The Edifice Complex

The late Governor Nelson Rockefeller used to be accused of having an “Edifice Complex.” He rebuilt Albany as well as the State University system. He loved to build things at great cost to the taxpayers and he wasn’t alone. President Eisenhower built the federal highway system on which we all depend. The master builder, Robert Moses, did the same thing in New York state and constructed parks and playgrounds and the like. FDR rebuilt the country as a way out of the Great Depression. Politicians who build get the construction unions as big fans and major contributors. As a political strategy it really can be a help to the political actor. Clearly, the whole question of financing the projects can be vexing but when you really consider it, there is not much of a problem. Just think about how we buy our homes. Most people don’t put down cash on the barrel head. They get a mortgage. You pay so much down and then so much a month, often for the next 30 years. In the case of politicians who hold office, they know that down the road, paying the bill will eventually be someone else’s problem. The politician gets the credit but his successors will have to find the money to pay the bankers for the bonds that have been floated.

Take Governor Andrew Cuomo. Two of his major construction initiatives have grabbed the headlines. First, there is the Tappan Zee Bridge project. While there is always conflict over construction projects, there can be little doubt that the Tappan Zee needed to be replaced. So Cuomo made it happen. He announced the replacement but he really never told us how he was going to pay for it. In at least one case, he asked the federal government to help pay with funds that had been earmarked for environmental remediation. Apparently the feds didn’t agree that money should be forthcoming and Andrew was not happy. Since Andrew has built his reputation on a policy of no tax increases, this could prove risky. After all, if the taxpayers have to pay off the bonds, the state will either have to do with less money for other services, or raise taxes, something that Andrew is loath to do.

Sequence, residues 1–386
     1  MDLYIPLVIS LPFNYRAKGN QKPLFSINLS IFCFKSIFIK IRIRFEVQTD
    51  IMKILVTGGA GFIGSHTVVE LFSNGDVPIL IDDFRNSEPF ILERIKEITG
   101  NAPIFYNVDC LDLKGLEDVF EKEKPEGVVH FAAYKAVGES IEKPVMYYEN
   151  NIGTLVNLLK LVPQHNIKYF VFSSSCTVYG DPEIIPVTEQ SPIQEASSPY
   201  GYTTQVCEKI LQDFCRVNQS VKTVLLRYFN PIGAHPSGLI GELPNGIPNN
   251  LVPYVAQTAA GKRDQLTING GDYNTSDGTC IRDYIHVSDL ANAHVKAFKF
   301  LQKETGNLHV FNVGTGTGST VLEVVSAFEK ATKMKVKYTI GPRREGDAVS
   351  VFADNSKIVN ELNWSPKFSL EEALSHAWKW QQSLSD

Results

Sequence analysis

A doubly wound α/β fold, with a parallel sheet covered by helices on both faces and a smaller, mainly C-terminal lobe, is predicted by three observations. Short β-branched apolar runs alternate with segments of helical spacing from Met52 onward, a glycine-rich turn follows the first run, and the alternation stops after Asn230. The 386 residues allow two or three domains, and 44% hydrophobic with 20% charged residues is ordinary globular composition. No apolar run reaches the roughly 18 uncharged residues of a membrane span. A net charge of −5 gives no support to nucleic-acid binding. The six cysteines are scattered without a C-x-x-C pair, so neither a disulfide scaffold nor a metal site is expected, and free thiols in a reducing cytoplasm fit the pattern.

Of course, there is always the federal route. Andrew has a big admirer in Vice President Joe Biden who recently said at another unveiling that Cuomo was the best governor in the United States. While there are New Yorkers who might argue with the VP’s assessment of Cuomo, Biden has immense sway in things federal and may be able to pull the rabbit out of the hat for the Tappan Zee project. So far, Cuomo is staying fairly mum on financing. There are many who believe that one way or another, the Cuomo name will be attached to the new bridge.

The occasion for Biden’s laudatory remarks on Cuomo was the announcement that the feds would help come up with the billions of dollars required for the reconstruction of LaGuardia Airport. This is going to be another huge project. The crowded and worn out terminal buildings will be torn down and the replacements will be moved closer to the Grand Central Parkway. This will make for improved landing strips and more efficiency in handling the large amount of air traffic coming into LaGuardia.

Since LaGuardia handles a good deal of the internal traffic in the United States, and since it is a major New York City airport, the project will bring praise to Cuomo. All of us who use the airport will see this as an important move. Of course, JFK and Newark are also difficult airports. Maybe they’ll be next.

In any case, these are both projects that Nelson Rockefeller would have been proud of. Cuomo has certainly enhanced his reputation with the Edifice Strategy.

Originally published in the Legislative Gazette, 8/3/15
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